Summer Bridge to the Future

K. Patricia Bouweraerts
Yesenia Aguirre and Enrique Llamas Image

Yesenia Aguirre accepts her Summer Bridge Certificate of Completion from Enrique Llamas at the Closing Ceremony.

A roadmap and guidebook for their educational journey is what many students say they have found in the Success First Summer Bridge Program at Truckee Meadows Community College.

There were 126 Summer Bridge graduates who stood exceedingly tall at the closing ceremony on Aug. 10. Many are earning their first six college credits. One of the summer program grads is Maria Martinez Aguilera, who plans to major in criminal justice.

“I saw it was a great opportunity to get my first college credits and get ahead of the game,” Aguilera said.

Stephanie Lerude, College and Career Advisor at Reno High School first recommended Success First Summer Bridge to Aguilera and her friend Laryssa Ikehara. Ikehara plans to work toward her civil engineering degree.

“I wanted to get a feel for the college before starting full time,” Ikehara said. “You get to meet with the advisors and receive help throughout the year to make sure you stay on the right path, and there’s a scholarship ($800 for 2017-2018). Also, it helps you keep your focus.”

Their new summer friend, pre-nursing major Magdalena Callejas agreed.

“It’s something positive to do in the summer,” Callejas said. “My family was really happy when I told them about Success First and they supported me coming.”

Participants qualify for the summer program if they are first-time college students and the first generation in their family to attend college toward a degree. Students completed an online application including an essay question about why they would like to attend. Classes were held 8:30 a.m.–4 p.m. four days a week for six weeks.

“Adulting” as a Verb

A quality of the program for which students agreed was that it helped them make a transition from the laid back days of high school to more challenging years at college preparing them for a career.

“My favorite part of the Summer Bridge is becoming more independent and knowing how to be an adult,” Aguilera said.

The attitude of most all her classmates simply felt more serious and engaged.

“I liked how I met a bunch of new people—I’ve enjoyed the people I’ve met here,” Callejas said. “People know what they want and why they’re here.”

Callejas and Aguilera also agreed that it was fulfilling to try new projects and meet a diverse set of students and faculty.

“My favorite part is meeting new people, and that they’ve come from different backgrounds,” Ikehara said. “Here, you also have more freedom and can try new adventures.”

The Program as a Roadmap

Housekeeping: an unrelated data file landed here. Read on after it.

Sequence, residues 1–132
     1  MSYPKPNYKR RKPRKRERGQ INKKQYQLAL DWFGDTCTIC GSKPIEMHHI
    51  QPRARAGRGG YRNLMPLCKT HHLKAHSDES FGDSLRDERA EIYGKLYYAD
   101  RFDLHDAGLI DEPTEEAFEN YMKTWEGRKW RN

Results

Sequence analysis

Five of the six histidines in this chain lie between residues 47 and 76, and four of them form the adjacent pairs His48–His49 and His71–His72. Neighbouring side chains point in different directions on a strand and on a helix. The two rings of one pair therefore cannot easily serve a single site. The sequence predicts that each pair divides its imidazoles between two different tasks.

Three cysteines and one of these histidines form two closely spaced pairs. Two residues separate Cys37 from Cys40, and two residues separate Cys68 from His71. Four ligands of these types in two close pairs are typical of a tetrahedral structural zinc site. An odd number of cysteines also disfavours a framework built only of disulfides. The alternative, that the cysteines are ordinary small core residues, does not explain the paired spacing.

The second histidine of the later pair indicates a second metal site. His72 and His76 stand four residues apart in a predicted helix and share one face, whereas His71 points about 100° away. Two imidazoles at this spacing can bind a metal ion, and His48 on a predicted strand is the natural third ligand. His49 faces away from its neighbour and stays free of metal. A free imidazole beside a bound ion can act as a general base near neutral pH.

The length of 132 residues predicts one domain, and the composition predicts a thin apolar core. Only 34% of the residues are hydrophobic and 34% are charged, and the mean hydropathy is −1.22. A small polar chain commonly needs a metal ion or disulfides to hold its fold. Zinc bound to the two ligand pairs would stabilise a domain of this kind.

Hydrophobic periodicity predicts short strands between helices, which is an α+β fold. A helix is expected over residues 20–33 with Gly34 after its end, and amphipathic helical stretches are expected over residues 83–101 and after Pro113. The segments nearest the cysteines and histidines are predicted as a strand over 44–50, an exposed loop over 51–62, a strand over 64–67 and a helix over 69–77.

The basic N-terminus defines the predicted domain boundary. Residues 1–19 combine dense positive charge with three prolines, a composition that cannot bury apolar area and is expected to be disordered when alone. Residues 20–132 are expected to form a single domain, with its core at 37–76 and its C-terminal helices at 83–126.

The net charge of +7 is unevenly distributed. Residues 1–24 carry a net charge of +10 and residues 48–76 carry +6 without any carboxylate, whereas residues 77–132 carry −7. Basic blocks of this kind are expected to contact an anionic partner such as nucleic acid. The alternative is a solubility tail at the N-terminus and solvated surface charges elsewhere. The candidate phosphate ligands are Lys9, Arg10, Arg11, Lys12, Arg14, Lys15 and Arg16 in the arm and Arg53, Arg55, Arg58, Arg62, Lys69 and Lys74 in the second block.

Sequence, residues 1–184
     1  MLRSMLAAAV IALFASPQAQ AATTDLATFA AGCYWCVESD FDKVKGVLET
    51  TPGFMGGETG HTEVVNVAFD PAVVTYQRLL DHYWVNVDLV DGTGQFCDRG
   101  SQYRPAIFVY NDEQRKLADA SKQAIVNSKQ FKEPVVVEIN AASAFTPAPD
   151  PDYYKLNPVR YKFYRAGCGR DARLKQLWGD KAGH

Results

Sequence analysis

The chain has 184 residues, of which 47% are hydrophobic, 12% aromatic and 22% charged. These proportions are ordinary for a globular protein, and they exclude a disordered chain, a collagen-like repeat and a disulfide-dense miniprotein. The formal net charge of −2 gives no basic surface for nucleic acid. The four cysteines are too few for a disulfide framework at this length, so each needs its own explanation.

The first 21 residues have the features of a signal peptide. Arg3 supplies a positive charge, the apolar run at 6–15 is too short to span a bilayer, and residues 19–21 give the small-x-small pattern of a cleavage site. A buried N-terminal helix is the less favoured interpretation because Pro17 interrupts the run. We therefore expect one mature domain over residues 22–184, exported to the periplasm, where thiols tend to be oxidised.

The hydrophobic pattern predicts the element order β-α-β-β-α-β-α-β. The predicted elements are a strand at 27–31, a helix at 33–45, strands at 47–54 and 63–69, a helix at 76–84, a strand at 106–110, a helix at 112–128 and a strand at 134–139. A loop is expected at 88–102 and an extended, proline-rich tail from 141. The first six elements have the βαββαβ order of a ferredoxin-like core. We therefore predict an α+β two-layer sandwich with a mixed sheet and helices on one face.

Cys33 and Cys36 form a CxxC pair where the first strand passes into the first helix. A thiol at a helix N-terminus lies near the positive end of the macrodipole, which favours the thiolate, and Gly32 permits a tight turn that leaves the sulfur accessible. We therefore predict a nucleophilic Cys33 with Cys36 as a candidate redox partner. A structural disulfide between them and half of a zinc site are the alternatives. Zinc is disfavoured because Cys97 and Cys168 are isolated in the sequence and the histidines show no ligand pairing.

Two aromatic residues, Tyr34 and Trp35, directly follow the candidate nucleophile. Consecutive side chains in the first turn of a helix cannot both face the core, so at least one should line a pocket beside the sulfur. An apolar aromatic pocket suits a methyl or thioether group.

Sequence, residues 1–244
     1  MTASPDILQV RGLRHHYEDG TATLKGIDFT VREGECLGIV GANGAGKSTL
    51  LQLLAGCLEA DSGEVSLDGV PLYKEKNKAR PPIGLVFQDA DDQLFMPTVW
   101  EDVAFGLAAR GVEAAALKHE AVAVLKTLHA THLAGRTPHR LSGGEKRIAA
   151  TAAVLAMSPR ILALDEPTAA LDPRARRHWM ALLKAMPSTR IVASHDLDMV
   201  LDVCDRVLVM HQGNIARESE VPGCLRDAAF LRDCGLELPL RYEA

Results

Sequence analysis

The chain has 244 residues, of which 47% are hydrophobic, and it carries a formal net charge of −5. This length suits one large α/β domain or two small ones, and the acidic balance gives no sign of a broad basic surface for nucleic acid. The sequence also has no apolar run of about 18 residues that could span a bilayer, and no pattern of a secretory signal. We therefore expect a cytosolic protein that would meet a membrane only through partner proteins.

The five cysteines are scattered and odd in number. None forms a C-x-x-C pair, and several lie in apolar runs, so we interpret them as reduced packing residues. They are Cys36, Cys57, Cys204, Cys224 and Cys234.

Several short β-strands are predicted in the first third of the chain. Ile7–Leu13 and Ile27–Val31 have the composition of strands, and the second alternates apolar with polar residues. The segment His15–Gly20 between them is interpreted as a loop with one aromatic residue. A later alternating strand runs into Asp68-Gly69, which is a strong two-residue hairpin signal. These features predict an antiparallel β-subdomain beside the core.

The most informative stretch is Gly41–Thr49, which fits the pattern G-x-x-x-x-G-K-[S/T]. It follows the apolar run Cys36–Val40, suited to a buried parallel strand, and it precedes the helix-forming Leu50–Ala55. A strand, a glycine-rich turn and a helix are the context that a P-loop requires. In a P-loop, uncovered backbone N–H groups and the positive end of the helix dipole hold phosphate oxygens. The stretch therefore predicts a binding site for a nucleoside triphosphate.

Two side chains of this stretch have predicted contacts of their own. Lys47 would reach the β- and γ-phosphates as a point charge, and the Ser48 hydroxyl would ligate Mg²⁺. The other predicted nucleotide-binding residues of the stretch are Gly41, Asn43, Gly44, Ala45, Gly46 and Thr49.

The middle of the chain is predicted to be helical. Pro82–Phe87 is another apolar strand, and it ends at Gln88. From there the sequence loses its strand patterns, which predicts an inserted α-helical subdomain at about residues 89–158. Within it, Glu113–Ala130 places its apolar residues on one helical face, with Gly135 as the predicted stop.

At the Closing Ceremony, guest keynote speaker Nevada System of Higher Education (NSHE) former Chancellor Jane Nichols, Ph.D. said that she compares Success First to the Google Maps of road trips, and with this main thread she echoed how students talk about the Program’s benefits.

Aguilera and Ikehara said it’s a matter of being able to know where you’re going and where rooms and services are located, which building is which. Summer Bridge has also helped them to better organize and plan their college journey. In Summer Bridge, one of the courses that students take for college credit is EPY: Educational, Career and Personal Development class.

“EPY 101 helped me find ways to make the educational experience better, to manage time, and to handle emotions—keeping yourself from getting overwhelmed,” Callejas said.

Part of learning to manage the journey is support from mentors, one of whom is Nayesdi Badillo Delgado, Jacobs Presidential Scholars Program Coordinator.

“Our EPY teacher, Nayesdi, is a really vibrant teacher and engages you in class, making sure you’re involved and encourages you to turn in assignments on time,” Ikehara said.

Aguilera agreed, and added that she was also inspired by Anna Treacy, Summer Bridge Instructor and Postdoctoral Research Fellow at the University of Nevada, Reno.

“My EPY instructor, Dr. Anna, is a very good teacher,” Aguilera said. “She motivates you to keep going even though you might be struggling (with an assignment). She always pushes you to do better, because she knows you can do it and she pushes us to be better than we were before. She treats us like we’re her own kids.”

Next Parts of the Journey

All three will take 12 or more credits in the Fall Semester, required for continuing Success First throughout their first year of college.

Aguilera works as a manager at a restaurant and will take a full load of classes. Callejas will concentrate on her full-time studies in the Fall and would like to find an on-campus job in the Spring Semester.

Ikehara works two jobs, in a gym and at a toy store, in addition to her class load.

For more information about Success First Summer Bridge, please contact Jennifer Zarco in Access, Outreach and Recruitment at 775-673-8215.